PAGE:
Balancing two miniature apples in her hands, Trinity Ngo passes one over in her typical, casually generous way: “Take one! My aunt brought these.”
The voice recorder starts and we laugh at the formality. While many of us on campus might know Trinity Ngo for her outgoing, joyful personality and her colorfully bold outfits, she confesses that she hates attention. Ngo grew up in Highland Park, twenty minutes from UD. Though a neighborhood known for its glitz and affluence, she credits it for instilling a love of service in her from an early age, along with her family.
“Highland Park really emphasizes service and giving back to the community,” she explains. “I recognize how fortunate I am to have the life my parents have given me, who immigrated to America in order to flee the war in Vietnam. Growing up they would take us to serve the poor in Dallas, reminding us to see Christ in others.”
Ngo serves as the president of the Best Buddies chapter at UD and in her free time she works with Young Life Capernaum and Camp Barnabas during the summer in order to serve people with disabilities. As a biology major, her goal coming into UD was to go to medical school with the intention of helping people, especially children with Down syndrome and autism.
However, since catching COVID-19 this past fall, Ngo has been suffering from “long COVID” symptoms which have forced her to take a medical leave from school and to postpone her graduation this May.
“It’s been difficult,” she admits. “But it has also forced me to slow down and reflect in a way I haven’t done before in college. Up until COVID, I was just focused on getting to med school. But who was I doing it for? It wasn’t for God, I realized.”
Ngo points out that her medical leave has also led to new friendships, such as with Fr. Joseph Van House, O.Cist., whose office she regularly pops into these days.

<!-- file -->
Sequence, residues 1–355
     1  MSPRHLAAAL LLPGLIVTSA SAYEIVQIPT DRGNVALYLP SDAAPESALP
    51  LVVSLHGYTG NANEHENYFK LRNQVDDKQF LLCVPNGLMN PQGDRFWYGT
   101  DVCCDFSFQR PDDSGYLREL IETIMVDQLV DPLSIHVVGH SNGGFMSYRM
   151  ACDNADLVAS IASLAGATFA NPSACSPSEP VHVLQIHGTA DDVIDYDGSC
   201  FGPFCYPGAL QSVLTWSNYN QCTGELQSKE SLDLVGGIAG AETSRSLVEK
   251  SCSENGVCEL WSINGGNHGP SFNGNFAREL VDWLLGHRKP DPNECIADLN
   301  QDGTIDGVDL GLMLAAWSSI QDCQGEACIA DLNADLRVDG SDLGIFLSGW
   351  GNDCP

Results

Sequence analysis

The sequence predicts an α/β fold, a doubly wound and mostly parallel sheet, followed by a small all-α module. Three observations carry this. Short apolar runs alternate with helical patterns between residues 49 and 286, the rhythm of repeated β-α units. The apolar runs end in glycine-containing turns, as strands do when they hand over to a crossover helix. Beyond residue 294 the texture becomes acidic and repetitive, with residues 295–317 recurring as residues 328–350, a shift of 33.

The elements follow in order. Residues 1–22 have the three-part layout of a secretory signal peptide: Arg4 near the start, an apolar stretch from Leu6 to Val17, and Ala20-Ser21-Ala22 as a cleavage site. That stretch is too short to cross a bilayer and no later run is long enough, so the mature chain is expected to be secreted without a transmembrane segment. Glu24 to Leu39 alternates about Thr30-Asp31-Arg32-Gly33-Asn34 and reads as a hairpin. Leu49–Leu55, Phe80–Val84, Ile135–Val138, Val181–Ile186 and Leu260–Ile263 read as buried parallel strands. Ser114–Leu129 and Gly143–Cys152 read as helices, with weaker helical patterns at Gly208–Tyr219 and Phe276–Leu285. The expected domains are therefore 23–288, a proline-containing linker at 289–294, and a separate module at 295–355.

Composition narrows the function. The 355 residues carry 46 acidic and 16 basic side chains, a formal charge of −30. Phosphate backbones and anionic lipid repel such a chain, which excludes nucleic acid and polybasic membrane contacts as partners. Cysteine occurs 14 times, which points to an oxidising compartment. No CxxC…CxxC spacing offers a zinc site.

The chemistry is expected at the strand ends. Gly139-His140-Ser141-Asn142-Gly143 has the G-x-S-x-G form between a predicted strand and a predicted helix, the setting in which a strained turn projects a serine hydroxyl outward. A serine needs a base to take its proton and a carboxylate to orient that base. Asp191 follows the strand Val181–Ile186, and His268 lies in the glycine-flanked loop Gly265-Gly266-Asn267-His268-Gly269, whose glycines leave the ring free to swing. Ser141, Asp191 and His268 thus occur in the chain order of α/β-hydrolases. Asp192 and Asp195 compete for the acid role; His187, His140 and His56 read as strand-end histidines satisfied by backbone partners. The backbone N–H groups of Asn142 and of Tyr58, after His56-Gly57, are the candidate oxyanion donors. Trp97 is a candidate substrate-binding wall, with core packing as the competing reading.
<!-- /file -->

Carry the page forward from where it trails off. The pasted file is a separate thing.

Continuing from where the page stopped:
Although Ngo’s parents were married at UD’s Church of the Incarnation, coming into UD as a freshman, she felt no connection to the school. She attended public school in Highland Park where her friends and peers were mostly non-Catholics. She admits that it wasn’t until she attended the Awakening retreat as a freshman that she learned what adoration was.
Through the Catholic community at UD and friends such as Fr. Van House, Fr. Lehrberger, and Fr. Esposito, Ngo has grown substantially in her faith, which has guided her during her health troubles this semester.
While Ngo references the Awakening retreat as a core UD memory, I ask her which other memory might serve as a gateway memory to her time at UD.
“It was when the two of us were sitting together on those red couches in Rome,” she smiles. “We were talking about how our class would soon go our separate ways in life after college. And I realized that the beautiful thing is that, in separating, we will have multiplied our homes on earth. It will make more places home because that’s where the people we love are.”
A pause falls for a moment and then she bursts out:
“Also, oh my gosh! Blowing bubbles on the mall with friends and professors. Small moments like that mean a lot these days. It’s in those moments that I truly realize how blessed I am to be surrounded by all these people.”
Ngo plans to graduate UD next semester and to possibly still attend medical school, but she recognizes that we are not in complete control of the plans we make in our life. She is looking forward to healing and to continue serving others through missionary work and everyday encounters. She also hopes to one day create an elephant sanctuary in Africa.
“It would be really stinky, you know, but it would be so fun.”
Naturally, the two of us laugh some more.
We look down at the voice recorder which reads 1hr:7min. I turn it off and we continue our conversation as we walk through campus, soaking in a Friday on the Mall. One of our last together, here at UD. Trinity reaches her hand out for me to hold and even when I let go and disappear into the silence of the Periodicals, I laugh to myself and know that somewhere, she is laughing with me.